Our family cookie bake took a dramatic turn this December and we stopped doing the big Milwaukee Zauner women all-day bake-a-thon we’ve been doing every single year since I was literally in the womb.
There was no sadness or big conversation that led to the change. The tradition just sort of naturally reached it’s end. A lot of things have been changing in our little clan for the last decade— big moves across the country, new homes, new babies, different schedules, shifting priorities, shifting families— and some of the traditions we’ve been keeping up meticulously for the past thirty years through blizzards, illnesses and family drama have suddenly just stopped making sense.
New traditions are still arising and we still see each other the dang time. It just seems like sometimes traditions stay the same forever and sometimes something subtle shifts and they get reinvented. And honestly, since my family now includes two sets of parents I absolutely adore (mine and my Carrot’s) and two amazing brothers I love doing festive things with (mine and my Carrot’s), I wholeheartedly welcomed the shift.
This year cookie baking looked completely different. It moved to our little Evansville home. There was no epic list of cookies we had been painstakingly curating for thirty years. It was new people with new opinions and we built the cookie list together from scratch. It was just seven of us— me, my Carrot, the moms, the brothers and my little brother’s adorable girlfriend Sara. Our pace was no where near the manic level of Zauner cookie bakes of the past but it was just as perfect. It wasn’t mine or his, it was all about the blending: my mom and my hyper efficiency and type A madness paired with my Carrot family’s low key, take a break to watch some Christmas movies with a White Russian at one in the afternoon kind of energy.
My little brother brought the beer and the best attitude. My dad swung by for a surprise visit. No, he did not help. He just broke his coffee maker and knew we’d have a full pot of the good stuff. We all wore aprons. The holiday music playlists switched erratically anytime someone made a new request and the volume on our Bluetooth speaker only grew. The silliness was up. The focus was down. The soup and sandwich themed lunch of the last three decades remained. All in all, it was a beautiful shift. The kind of change that makes life more full and beautiful instead of less.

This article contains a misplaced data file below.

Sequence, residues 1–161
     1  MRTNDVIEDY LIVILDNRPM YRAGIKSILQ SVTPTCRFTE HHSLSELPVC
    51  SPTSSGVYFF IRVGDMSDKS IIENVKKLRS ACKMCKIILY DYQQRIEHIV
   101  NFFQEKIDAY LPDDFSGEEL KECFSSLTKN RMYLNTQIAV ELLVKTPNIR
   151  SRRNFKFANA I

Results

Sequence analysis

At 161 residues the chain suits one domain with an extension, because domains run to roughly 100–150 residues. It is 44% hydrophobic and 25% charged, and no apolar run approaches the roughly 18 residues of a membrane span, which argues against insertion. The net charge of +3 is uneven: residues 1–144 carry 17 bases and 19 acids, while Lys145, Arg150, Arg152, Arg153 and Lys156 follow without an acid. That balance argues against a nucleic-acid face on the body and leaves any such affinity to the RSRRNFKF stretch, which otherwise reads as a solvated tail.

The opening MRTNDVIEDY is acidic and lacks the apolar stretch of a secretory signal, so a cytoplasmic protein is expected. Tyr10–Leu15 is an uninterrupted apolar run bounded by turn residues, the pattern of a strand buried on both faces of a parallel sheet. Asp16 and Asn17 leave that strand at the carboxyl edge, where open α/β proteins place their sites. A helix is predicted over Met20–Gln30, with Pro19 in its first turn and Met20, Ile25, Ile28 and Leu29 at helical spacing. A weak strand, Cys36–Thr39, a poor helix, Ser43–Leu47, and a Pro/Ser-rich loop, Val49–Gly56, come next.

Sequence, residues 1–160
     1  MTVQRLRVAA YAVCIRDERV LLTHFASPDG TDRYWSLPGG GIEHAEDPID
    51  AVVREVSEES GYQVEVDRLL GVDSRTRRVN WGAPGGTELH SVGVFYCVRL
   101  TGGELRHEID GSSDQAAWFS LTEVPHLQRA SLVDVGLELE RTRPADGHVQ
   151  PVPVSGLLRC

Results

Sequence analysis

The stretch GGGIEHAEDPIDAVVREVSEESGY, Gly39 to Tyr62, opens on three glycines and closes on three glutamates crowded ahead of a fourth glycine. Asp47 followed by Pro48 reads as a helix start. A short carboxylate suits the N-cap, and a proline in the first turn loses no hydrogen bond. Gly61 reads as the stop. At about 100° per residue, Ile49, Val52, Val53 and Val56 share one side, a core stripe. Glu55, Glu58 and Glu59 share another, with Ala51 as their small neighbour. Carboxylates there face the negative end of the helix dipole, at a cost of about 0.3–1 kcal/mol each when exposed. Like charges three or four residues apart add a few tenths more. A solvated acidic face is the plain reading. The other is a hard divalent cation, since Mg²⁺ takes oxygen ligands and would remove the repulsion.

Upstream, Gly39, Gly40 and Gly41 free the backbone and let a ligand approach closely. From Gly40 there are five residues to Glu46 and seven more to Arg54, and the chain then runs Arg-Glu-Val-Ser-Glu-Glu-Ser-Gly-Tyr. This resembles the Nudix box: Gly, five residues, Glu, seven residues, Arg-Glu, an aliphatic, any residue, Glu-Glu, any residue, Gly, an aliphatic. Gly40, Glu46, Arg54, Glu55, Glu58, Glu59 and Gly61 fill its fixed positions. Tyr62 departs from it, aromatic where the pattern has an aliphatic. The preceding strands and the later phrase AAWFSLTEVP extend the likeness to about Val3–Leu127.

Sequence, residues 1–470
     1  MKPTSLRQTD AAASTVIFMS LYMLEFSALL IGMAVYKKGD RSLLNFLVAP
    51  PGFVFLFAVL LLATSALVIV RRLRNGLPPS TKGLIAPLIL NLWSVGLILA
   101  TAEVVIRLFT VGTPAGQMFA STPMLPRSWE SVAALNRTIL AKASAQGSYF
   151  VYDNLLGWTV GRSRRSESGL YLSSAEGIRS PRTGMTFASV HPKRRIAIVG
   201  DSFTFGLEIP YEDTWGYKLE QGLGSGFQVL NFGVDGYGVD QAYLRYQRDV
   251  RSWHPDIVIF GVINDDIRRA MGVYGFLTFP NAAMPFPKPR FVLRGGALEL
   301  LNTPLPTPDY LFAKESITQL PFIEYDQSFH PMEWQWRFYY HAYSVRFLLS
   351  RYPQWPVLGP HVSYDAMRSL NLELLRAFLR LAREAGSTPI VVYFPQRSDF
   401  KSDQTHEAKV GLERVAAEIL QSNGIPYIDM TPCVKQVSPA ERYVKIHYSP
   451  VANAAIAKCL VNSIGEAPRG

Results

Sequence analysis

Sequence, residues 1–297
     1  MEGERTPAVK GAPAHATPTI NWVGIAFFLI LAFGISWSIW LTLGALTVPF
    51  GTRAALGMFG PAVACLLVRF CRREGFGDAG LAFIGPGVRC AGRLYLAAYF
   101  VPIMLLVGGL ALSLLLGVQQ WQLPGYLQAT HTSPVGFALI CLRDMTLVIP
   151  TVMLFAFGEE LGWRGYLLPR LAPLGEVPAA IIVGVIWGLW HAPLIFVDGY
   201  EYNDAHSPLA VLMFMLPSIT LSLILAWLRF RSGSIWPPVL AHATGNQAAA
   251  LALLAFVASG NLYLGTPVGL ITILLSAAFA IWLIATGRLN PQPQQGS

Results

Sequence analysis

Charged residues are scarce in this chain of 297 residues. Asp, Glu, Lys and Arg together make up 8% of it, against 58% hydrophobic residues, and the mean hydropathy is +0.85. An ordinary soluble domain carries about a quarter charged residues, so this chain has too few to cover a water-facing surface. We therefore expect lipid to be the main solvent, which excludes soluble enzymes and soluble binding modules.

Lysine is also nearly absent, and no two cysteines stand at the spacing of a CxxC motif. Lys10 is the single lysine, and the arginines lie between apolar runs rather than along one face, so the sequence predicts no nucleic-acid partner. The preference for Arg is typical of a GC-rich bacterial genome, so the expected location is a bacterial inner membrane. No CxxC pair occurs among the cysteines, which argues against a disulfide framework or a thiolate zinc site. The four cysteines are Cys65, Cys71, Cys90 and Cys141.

And the new cookies were excellent! My favorite was a simple pecan shortbread that is great whether or not you decide to dip it in chocolate. It’s easy. It’s elegant. It’s made in a sheet pan which keeps things extra simple. It’s decadent without being flashy. It’s got a fun shape that’s different than most traditional cookies. All in all, it adds a lot of value to the cookie trays we bring our neighbors and coworkers, and that still remains a key priority of any cookie we select. Because some things never change.
In the most festive holiday spirit,
SALTED CHOCOLATE PECAN SHORTBREAD
Adapted from Sally’s Baking Addiction
1-1/2 cups (or 3 sticks) unsalted butter, softened to room temperature
3/4 cup granulated sugar
1/4 cup + 2 tablespoons light brown sugar
2 teaspoons pure vanilla extract
2 teaspoons Kosher salt
3 cups all-purpose flour
2 cups finely chopped pecans, divided
12 ounces semi-sweet chocolate chips
The classiest flaky sea salt you can find (I obsessed with this grey sea salt from France that I found at my favorite local co-op), for sprinkling
- Preheat oven to 325 degrees. Line a standard baking sheet (13×17-inches) with parchment paper.
- Using a hand mixer or a stand mixer, beat the butter on high speed until completely smooth. Add the sugars and beat until light and creamy, about 2 minutes. Turn the mixture to low and add the vanilla, salt and flour gradually until just incorporated. Scrape the sides as needed. Add 1-1/2 cups of the finely chopped pecans, reserving the rest for sprinkling on top of the chocolate.
- Press the dough into your prepared baking sheet. The dough might be crumbly and that’s fine. Press it into the pan until is compact and there are no cracks.
- Bake the shortbread for 25 minutes or until lightly browned around the edges.
- Remove from the oven, allow to cool for a minute or two and then cut into triangles. I do this by first cutting 2-inch squares and then going diagonal through the middle of each square. You must cut the shortbread while it is still warm or it will crack.
- Allow to cool while you melt your chocolate. I do this in a double boiler over medium heat, stirring every minute or so, but you can also melt the chocolate in a glass bowl in the microwave (in 20 second increments, stopping to stir after each).
- Lift the parchment from the pan, removing all the shortbread. Dip into warm chocolate and then sprinkle with reserved pecans and sea salt.